They must have some pretty advanced counting methods over there at NASA. Either that or they royally screwed up the 1, 2, 5 -- no 3! gag from Holy Grail.
        • by Thelasko (1196535)

          (1)The expansion of human knowledge of the Earth and of phenomena in the atmosphere and space;

          Still, NASA should be launching the satellites that collect the data. NOAA should be crunching the numbers.

          This only reaffirms my belief that there needs to be a massive restructuring of our government. There are 16 intelligence agencies. [wikipedia.org] 16! How does the Director of National Intelligence [wikipedia.org] keep track of it all?

          How does one coordinate a government this big? I guarantee there are multiple government agencies working on the same projects, while some projects get left behind because no single agency has

          • There are 16 intelligence agencies. [wikipedia.org] 16! How does the Director of National Intelligence [wikipedia.org] keep track of it all?

            Probably another supercomputer.
      • Re: (Score:3, Interesting)

        by lysergic.acid (845423)

        perhaps NASA conducts so much peripheral research because there's no dedicated government agency for general scientific research.

        i know that we have the NOAA for atmospheric research, but perhaps there needs to be an overarching government agency for scientific research in general. NASA, NOAA, and probably NIST would be branches or departments under such an agency. and all research that is pertinent to our societal advancement, but does not have a dedicated agency such as NASA or NOAA, would be conducted un

        • NASA= National Aeronautics and Space Administration
          NOAA=National Oceanographic and Atmospheric Administration
          Administrations are just that: administrations, run by administrators - primarily to the advantage of amdinistrators. Adding another level of administration won't fix that.
      • Is this really NASA's job? Isn't there some other organisation in USA that does weather prediction etc?

        No wonder they're not getting anywhere replacing aging shuttle fleets if they are playing with rubber ducks and earth climate modelling.

        The parent post was not insightful.

        Anything that can effect aviation and spaceflight is critical to understand. Furthermore their charter charges them with not only understanding these phenomena, but also to advance scientific knowledge for applications in these arenas.

    • Re:Big Question: (Score:4, Informative)

      by toby34a (944439) on Wednesday September 24, 2008 @08:26PM (#25145935)
      You know, a lot of the climate and weather prediction models are open source. You can download the source code if you want, and run it on your own PC if you have certain compilers. Some links for you for your own perusal: Community Climate Model [ucar.edu] NASA GISS Model [nasa.gov] Weather Research and Forecasting Model [wrf-model.org] Regional Atmospheric Modeling System [atmet.org] As long as you have access to a Linux/Unix machine, you can get these models yourself. If you want to contribute, you can do so. Just know that you probably need to have taken graduate level courses in numerical methods and actually get the physical terms in the model to make changes that mean something. Science in this case is rather open. People can easily download these models and make changes to improve it if they needed to (or to test sensitivity, etc).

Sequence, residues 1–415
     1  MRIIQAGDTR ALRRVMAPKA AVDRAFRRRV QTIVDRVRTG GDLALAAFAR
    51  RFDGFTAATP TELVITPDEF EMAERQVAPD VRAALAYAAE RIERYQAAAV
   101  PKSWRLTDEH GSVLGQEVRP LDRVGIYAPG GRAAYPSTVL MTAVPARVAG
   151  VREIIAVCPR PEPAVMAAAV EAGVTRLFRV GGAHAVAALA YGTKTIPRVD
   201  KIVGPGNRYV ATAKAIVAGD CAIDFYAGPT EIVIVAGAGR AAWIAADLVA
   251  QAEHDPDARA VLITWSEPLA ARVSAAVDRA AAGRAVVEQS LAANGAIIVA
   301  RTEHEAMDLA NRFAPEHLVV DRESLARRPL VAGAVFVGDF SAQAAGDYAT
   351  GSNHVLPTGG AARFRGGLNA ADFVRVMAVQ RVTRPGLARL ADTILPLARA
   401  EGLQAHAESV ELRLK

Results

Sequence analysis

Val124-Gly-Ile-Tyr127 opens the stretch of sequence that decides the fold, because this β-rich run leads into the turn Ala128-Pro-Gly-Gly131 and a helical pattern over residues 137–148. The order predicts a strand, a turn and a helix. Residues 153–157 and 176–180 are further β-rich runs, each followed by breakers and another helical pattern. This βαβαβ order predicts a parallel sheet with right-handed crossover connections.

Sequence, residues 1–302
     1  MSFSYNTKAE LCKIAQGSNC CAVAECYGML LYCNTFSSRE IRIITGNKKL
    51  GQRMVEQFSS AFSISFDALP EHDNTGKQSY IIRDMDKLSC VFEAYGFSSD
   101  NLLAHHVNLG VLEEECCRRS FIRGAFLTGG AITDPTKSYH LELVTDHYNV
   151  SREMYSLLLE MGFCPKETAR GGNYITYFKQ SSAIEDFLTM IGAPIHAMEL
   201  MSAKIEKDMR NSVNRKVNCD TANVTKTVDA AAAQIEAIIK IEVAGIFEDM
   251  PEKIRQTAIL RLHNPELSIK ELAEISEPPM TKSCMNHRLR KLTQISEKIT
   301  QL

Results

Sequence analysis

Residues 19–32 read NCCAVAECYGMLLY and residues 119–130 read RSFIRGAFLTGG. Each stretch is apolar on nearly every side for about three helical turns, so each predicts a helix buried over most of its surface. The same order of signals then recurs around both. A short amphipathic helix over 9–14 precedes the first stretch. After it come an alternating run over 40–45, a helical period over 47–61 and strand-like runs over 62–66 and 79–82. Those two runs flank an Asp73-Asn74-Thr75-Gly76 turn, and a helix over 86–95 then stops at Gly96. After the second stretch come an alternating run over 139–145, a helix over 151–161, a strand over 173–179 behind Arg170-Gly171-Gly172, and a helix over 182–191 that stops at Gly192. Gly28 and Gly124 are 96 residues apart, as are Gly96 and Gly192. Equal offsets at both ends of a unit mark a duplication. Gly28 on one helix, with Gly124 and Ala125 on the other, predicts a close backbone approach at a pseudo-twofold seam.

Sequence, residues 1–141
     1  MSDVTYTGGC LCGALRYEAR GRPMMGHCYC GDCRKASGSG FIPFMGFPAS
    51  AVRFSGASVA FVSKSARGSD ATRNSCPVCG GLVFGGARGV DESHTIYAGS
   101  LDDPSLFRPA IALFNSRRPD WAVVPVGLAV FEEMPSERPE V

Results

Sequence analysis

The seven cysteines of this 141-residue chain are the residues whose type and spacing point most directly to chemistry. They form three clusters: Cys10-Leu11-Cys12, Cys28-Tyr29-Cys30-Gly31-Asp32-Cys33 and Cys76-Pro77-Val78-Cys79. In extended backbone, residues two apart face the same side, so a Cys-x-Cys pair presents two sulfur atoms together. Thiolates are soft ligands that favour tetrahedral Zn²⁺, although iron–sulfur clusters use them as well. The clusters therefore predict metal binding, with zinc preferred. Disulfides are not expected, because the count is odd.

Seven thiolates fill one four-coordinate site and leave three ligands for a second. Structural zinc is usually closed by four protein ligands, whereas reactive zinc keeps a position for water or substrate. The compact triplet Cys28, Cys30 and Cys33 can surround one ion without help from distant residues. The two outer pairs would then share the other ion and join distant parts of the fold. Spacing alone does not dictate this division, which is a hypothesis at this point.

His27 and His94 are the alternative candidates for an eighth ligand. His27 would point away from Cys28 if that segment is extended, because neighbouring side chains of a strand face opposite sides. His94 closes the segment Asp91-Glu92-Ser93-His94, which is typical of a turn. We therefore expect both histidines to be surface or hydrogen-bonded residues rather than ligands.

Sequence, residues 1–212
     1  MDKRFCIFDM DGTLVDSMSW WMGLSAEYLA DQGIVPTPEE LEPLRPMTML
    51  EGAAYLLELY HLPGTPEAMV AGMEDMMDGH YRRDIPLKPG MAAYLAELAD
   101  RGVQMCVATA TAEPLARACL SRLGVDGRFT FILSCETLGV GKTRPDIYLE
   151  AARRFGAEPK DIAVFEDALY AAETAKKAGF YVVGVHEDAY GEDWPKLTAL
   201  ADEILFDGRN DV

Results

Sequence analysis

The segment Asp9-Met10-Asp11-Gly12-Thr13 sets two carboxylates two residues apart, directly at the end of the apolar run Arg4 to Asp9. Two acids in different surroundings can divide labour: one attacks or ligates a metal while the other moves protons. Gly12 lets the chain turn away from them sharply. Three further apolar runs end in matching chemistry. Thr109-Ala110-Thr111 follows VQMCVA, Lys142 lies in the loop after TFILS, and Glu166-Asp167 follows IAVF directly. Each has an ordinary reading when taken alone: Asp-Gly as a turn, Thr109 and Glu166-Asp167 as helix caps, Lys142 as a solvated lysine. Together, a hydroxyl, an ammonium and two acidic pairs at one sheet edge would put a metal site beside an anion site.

• Re:Big Question: (Score:4, Informative)

      by Leebert (1694) * on Wednesday September 24, 2008 @09:31PM (#25146457)

      Lots of the models are open. There's a nice site at: http://modelingguru.nasa.gov/ [nasa.gov]

    • Re: (Score:3, Funny)

      by SL Baur (19540)

      No, no, no!

      This is slashdot and the big questions are:
      does it run Linux?
      FTFA:

      IBM said its new server, which runs Linux and is based on Intel's quad-core Xeon processors

      W00t!

      Can you imagine a Beowolf cluster of these things and can you give me a car analogy of how fast these things run?

      I, for one, welcome our new IBM iDataPlex overlords.

      • Re: (Score:2, Funny)

        by Kardos (1348077)
        You must be new here.

        This is slashdot and the big question is: does it run vista?

        In Soviet Russia, supercomputers simulate you !

        There, fixed it for you.

        • by Dekker3D (989692)

          we need a +1 brilliant sarcasm.

          but really.. can it play crysis? all else is unimportant!

    • by ShilocK (1371527)
      I think Al Gore was involved...
    • by StevisF (218566)
      Much of the simulation is CFD (computational fluid dynamics). The formulas governing fluid movement [wikipedia.org] have been well established for a long time. They make a 3D grid of cells, then when something (air, water) moves over the boundary of a cell, the equations have to be calculated. The equations are computationally expensive though. You can always use a smaller cell size, which will increase the accuracy of the model. A good example of this is turbulence [wikipedia.org]. It's not directly numerically computed even though